“It’s a strange myth that atheists have nothing to live for. It’s the opposite. We have nothing to die for. We have everything to live for.” – Ricky Gervais

The fundamental explanation for philosophy is to question. Often the answer isn’t important, it’s the mindset of the one who’s questioning and embracing every possibility within their knowledge. But apologists can’t think like this. They’re armed to the teeth with their own interpretation of scripture and their aim is to glorify god even if it means being disingenuous. They turn to gravity and claim it’s god’s design, yet ask them to explain the process of terminal velocity, and they’ve no answer other than it’s designed. You ask them why light has a specific speed, and why it’s so much faster than sound and they’ve no answer other than god designed it. You ask them if god loves his creation why does he allow suffering, and they reply it’s original sin and to be saved we must accept Christ the saviour, yet they’ve accepted Christ and there’s still suffering. Can you figure that one out? We’ve got suffering throughout the world in many forms. Be it biological, economic or political, yet liberty, justice and science are the answer, not faith in something you cannot prove.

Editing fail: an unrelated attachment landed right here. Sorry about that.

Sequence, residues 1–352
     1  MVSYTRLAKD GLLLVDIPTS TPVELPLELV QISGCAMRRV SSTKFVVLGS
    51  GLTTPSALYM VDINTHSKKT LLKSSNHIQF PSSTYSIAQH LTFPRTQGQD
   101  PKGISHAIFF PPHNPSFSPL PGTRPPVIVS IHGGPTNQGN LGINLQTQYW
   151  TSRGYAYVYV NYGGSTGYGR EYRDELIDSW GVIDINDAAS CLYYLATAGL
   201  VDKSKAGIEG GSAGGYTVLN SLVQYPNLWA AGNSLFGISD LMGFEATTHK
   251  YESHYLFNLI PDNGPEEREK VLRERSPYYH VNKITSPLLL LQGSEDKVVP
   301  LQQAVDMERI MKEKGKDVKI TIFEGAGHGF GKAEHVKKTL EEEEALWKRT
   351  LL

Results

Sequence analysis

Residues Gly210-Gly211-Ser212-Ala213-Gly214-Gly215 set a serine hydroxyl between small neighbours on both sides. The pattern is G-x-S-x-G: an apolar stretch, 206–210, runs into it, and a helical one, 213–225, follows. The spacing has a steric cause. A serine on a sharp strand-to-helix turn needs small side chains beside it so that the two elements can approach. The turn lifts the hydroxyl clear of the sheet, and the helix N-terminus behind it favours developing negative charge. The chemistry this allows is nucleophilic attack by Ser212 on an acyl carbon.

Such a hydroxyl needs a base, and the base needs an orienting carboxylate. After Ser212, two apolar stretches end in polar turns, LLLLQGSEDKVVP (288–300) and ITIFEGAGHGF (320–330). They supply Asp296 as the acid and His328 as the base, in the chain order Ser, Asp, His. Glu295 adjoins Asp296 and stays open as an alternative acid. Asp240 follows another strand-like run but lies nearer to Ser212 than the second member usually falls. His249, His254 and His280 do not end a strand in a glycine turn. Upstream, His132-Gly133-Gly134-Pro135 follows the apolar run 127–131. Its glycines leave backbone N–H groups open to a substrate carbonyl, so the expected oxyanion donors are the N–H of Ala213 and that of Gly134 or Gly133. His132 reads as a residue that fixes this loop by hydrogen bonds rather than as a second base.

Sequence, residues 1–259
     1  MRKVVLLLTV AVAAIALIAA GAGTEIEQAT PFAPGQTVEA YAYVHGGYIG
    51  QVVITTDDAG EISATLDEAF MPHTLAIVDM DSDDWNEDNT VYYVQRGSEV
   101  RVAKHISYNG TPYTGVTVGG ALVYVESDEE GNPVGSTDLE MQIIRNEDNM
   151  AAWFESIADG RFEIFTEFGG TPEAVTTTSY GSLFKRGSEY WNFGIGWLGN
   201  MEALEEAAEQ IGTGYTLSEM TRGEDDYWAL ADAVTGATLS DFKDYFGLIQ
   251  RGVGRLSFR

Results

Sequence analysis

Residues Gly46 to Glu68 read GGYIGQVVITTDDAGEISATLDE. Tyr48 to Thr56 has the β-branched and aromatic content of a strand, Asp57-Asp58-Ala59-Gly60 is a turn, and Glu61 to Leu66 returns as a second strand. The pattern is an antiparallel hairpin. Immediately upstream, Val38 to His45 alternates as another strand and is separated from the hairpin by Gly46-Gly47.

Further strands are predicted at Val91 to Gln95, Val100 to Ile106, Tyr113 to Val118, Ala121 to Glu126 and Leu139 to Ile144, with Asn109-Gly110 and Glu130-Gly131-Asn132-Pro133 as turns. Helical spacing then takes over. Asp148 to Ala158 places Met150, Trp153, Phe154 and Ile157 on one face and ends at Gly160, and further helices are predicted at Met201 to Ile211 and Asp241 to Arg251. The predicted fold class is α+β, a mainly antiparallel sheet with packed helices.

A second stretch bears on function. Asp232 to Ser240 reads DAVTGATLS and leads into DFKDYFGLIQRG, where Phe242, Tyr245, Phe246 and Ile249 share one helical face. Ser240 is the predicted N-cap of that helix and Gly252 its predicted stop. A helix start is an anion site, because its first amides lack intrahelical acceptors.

They’ve no imagination to question!

The Beginning

We live in an expanding universe that’s in accordance with the Hubble–Lemaître law, and because of this astrophysicists can give quite an accurate age of the Universe by looking into the past; stars. Stars that are a very long distance away from Earth. They use powerful red shift capable telescopes to study the birth of our universe, and measure the rate of expansion (Hubble constant). They claim the universe is approximately 13.8 billion years old. Within that Universe are galaxies like our very own Milky Way that scientists estimate to contain 100 thousand million stars, but our galaxy is relatively small compared to others, that contain a finite number of stars that makes our 4.54 billion year old Blue Planet all but irrelevant. But living on this blue planet are theists that come in all shapes, sizes and colour and they all share a belief. Humans are special because we are god’s children and alone in the Universe.